In threatening legal action against a defense team, Cambodian judges at the Khmer Rouge tribunal this month risked jeopardizing the court’s fairness and its appearance of legitimacy, the interim head of the court’s defense office said Friday.
In a statement issued Jan 9, all 15 of the tribunal’s Cambodian judges threatened three foreign lawyers representing Brother Number 2 Nuon Chea with unspecified legal action after they lodged a criminal complaint at the Phnom Penh Municipal Court seeking an investigation of longstanding kickback allegations at the tribunal.
The complaint to the municipal court named for investigation Cabinet Minister Sok An, tribunal Director of Administration Sean Visoth and the court’s former Personnel Chief Keo Thyvuth.
The defense lawyers, however, did not mention judges specifically, in either their complaint or statements to the press who gathered at the municipal courthouse last week to report on the process.
Acting head of the tribunal’s defense support section Richard Rogers said Friday that the judges’ reaction may give the impression that the court is reluctant to resolve the kickbacks matter, and could frighten potential defense witnesses.
“If they now see that the ECCC judges, who are meant to be the neutral guardians of fairness, are threatening to take legal action against defense lawyers, they may think twice before coming forward for fear that legal action will be initiated against them,” Rogers said in an interview.
Citing a forthcoming study by the Human Rights Center at the US’ University of California, Berkeley, Rogers said a recent nationwide poll of 1,000 Cambodian adults had found that 23 percent view the court as corrupt and a third say judges will not be fair.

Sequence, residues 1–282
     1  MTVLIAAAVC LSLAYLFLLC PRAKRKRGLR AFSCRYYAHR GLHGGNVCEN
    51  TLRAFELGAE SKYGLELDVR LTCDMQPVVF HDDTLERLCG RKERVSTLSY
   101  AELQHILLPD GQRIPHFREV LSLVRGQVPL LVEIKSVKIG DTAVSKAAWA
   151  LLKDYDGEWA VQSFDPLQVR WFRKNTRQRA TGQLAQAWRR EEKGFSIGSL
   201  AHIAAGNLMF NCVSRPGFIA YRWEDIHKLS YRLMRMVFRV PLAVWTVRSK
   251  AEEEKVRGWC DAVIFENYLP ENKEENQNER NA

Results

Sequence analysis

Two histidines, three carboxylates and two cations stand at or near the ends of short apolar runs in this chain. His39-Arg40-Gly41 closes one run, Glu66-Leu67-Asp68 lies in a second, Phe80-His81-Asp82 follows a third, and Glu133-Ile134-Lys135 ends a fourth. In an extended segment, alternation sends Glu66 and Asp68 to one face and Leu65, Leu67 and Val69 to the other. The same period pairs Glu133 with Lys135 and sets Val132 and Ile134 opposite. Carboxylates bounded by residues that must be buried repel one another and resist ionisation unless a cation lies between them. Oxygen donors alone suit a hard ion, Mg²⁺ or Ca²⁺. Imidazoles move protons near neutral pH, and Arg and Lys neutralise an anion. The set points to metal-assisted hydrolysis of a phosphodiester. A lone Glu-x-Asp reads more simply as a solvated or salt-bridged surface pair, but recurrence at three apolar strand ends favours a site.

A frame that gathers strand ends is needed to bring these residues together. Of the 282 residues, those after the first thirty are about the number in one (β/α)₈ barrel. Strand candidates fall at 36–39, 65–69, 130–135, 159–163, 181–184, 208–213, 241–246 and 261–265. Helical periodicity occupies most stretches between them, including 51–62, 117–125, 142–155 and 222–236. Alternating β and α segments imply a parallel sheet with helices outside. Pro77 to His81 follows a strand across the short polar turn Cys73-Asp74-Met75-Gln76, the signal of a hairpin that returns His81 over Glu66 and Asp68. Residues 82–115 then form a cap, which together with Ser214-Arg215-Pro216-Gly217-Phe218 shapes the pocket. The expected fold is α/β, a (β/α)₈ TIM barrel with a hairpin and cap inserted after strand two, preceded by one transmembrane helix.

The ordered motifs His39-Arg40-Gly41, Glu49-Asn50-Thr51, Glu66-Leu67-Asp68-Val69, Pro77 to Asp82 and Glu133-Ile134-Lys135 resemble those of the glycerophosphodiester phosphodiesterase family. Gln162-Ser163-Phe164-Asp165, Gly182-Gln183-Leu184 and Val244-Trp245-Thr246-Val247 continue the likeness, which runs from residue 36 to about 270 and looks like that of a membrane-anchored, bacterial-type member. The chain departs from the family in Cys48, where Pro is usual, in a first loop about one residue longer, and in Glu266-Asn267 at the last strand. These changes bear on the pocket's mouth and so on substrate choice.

“This again supports the view of many that these allegations need to be properly addressed in a transparent manner if this court is to have legitimacy in the eyes of the Cambodian public,” he said.
“The defense need to know the extent of the corruption, if any, in order to determine whether it affects their client’s fair trial rights,” he added.
ECCC Co-Investigating Judge You Bunleng on Friday declined to specify what sort of legal recourse, whether contempt proceedings, a defamation lawsuit or other legal action, the judges may pursue against the foreign lawyers who lodged the complaint.
“This affects the dignity and reputation of the judges,” You Bunleng said, maintaining that the lawyers had implicated judges in their statements to the media.
“They walked around broadcasting [this],” he said.
“They should work hard to find evidence to defend their case,” he said, adding that the Jan 9 joint statement by the ECCC’s judges was to protect their reputations during the municipal court’s investigation.
On Wednesday, the tribunal’s co-investigating judges refused to enter the Nuon Chea team’s municipal court complaint into evidence at the tribunal, saying it was unrelated to continuing investigations of Khmer Rouge crimes.
The judges ruled, in their response to the lawyers who had asked for it to be included, that the municipal complaint “falls completely outside the factual situation [and] and the object of the current judicial investigation” and that “it is not, thus, conducive to ascertaining those facts.”
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